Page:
The wrap-around mortgage, and related documentation, must not permit the mortgagor to pay the first mortgagee directly
Except for substitution of the Bank in place of the Investor as the wrap-around mortgagee, all other loan attributes remain the same: the Buyer gets the benefit of below market interest [9% instead of 9.5%]; the Seller receives all of its equity to invest or use as Seller determines appropriate; the original lender continues to receive the benefit of its contracted for fixed interest rate over the term of its loan; and the Bank, as wrap-around mortgagee, receives an effective interest yield of %. Everyone wins.
For the most part, a wrap-round mortgage should mirror the provisions of the senior mortgage around which it “wraps”, with a pass through to the mortgagor of virtually all mortgagor covenants. An essential element of a wrap-around mortgage, however, is that it must require the borrower to make all payments to the wrap-around mortgagee, who will, in turn, be obligated to pay the senior mortgagee. It is this arrangement which, legally, may enhance the wrap-around mortgagee’s collateral position.
Although not entirely clear from reported case law, at least one respected commentator has suggested that this migration of lien priority is a natural consequence of applicable subrogation law. Judicial interpretation of this proposition in the context of wrap-around mortgages, https://paydayloanscolorado.org/ however, has been scant, and in most jurisdictions non-existent.
In addition to the yield enhancement benefits enjoyed by the wrap-around lender, another advantage of a wrap-around mortgage as compared with a simple “second mortgage” is that the collateral priority of a wrap-around mortgage may, over time, migrate to a collateral priority on par with the first mortgage
While this legal position appears sound in circumstances where the indebtedness secured by a superior lien is paid in full , its application to partial payments under a wrap-around mortgage with pro rata subrogation remains largely untested.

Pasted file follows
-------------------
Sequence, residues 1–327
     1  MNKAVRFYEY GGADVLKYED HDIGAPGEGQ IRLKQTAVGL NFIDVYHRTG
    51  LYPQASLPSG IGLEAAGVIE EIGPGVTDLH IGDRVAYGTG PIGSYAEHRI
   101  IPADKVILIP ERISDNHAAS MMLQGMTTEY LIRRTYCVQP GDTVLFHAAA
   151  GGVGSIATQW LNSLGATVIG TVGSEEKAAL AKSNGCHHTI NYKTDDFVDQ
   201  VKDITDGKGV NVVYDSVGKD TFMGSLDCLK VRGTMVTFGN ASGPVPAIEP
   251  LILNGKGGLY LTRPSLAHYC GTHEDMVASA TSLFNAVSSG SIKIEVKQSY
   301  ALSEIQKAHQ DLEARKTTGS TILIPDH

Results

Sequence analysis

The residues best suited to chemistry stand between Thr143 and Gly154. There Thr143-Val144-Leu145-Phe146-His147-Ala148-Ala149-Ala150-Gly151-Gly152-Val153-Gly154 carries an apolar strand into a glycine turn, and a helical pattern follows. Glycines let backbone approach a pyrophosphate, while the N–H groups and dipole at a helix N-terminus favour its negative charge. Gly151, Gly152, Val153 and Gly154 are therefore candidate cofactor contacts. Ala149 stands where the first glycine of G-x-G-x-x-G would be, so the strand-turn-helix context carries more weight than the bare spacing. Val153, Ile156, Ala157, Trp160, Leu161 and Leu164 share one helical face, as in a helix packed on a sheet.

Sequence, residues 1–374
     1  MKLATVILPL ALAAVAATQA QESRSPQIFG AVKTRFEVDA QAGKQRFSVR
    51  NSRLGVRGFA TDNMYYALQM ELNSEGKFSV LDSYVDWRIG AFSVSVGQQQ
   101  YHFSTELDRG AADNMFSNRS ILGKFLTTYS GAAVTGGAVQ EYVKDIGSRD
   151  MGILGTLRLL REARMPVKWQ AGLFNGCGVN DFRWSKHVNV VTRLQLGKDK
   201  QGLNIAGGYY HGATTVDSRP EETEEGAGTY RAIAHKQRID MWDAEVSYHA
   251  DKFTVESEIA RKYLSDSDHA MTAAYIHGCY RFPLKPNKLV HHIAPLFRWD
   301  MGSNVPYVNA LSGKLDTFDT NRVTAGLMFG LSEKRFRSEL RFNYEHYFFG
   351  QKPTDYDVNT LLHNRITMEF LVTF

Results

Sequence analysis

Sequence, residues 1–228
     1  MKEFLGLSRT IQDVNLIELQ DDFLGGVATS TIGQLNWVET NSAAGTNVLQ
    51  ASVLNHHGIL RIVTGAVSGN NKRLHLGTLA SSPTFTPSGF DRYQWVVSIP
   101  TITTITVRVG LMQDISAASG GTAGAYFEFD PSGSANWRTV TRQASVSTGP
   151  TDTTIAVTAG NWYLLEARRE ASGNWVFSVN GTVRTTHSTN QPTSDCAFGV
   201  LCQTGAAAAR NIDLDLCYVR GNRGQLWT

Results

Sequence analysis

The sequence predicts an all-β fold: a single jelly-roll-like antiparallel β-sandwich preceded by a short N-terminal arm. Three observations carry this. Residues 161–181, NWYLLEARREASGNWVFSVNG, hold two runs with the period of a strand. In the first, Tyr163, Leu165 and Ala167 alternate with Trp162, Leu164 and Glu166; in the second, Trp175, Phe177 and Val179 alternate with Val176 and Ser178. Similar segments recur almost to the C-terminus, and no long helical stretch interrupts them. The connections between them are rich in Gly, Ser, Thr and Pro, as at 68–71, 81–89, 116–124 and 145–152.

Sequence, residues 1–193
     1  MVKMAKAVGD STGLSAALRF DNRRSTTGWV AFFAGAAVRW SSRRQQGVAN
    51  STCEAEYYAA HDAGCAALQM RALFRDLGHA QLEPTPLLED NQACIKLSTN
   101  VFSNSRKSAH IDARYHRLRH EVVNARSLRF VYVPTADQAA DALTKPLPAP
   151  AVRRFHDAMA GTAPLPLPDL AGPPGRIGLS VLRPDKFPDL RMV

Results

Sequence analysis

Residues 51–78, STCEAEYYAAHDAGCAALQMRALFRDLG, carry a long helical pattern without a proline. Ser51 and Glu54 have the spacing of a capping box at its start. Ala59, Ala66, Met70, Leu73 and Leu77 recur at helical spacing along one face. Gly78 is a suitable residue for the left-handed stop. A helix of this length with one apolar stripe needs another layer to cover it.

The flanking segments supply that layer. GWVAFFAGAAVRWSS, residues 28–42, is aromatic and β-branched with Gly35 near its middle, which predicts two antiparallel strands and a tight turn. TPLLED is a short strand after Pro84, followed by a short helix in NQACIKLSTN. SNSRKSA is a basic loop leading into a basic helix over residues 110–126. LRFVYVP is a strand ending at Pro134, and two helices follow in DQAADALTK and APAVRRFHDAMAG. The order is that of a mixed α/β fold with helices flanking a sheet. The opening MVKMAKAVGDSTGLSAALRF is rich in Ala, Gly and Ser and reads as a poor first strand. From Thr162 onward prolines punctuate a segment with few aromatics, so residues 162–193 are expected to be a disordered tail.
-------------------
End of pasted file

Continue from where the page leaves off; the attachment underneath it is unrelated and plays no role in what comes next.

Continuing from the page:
Still, building a case for preservation of this outcome is desirable. Accordingly, the wrap-around mortgage and supporting documentation should include covenants of subrogation to establish the clear intent of the parties that subrogation to the lien of the senior loan is to occur with each payment by the wrap-around mortgagee to the senior lender. By inclusion of specific language to this effect, the doctrine of “conventional subrogation” may be sufficient to achieve this result.
From an underwriting standpoint, however, until this issue is definitively settled through judicial interpretation or otherwise, it is appropriate to analyze a proposed loan secured by a wrap-around mortgage as being a loan secured by a junior mortgage
Some commentators have raised the additional issue of whether future payments by a wrap-around mortgagee to a senior lender enjoy priority over liens filed subsequent to the date of recording a wrap-around mortgage but prior to the date of payment of future installments to the senior lender. This issue is implicated because most wrap-around mortgages provide that the wrap-around mortgagee is required to pay the senior lender only to the extent of funds actually received from the wrap-around mortgagor, giving rise to the legal dichotomy between obligatory future advances and non-obligatory future advances .
The prevailing view is that this issue is adequately resolved through conventional subrogation and through the rule of “tacking”, which provides that a mortgagee who pays a prior encumbrance (whether or not subrogation applies) is entitled to include such amount in the indebtedness secured by the lien of its mortgage.
Other covenants are useful or necessary to preserve the yield enhancement provided by use of a wrap-around mortgage. In particular, a covenant in the wrap-around mortgage that the underlying first mortgage may not be prepaid by the wrap-around mortgagor is essential, since it is the interest rate spread between the wrap-around mortgage and the underlying first mortgage that enhances the effective yield to the wrap-around mortgagee. Also, a cross-default provision in the wrap-around mortgage, providing that a default under the senior mortgage will constitute a material default under the wrap-around mortgage, is a useful protective covenant.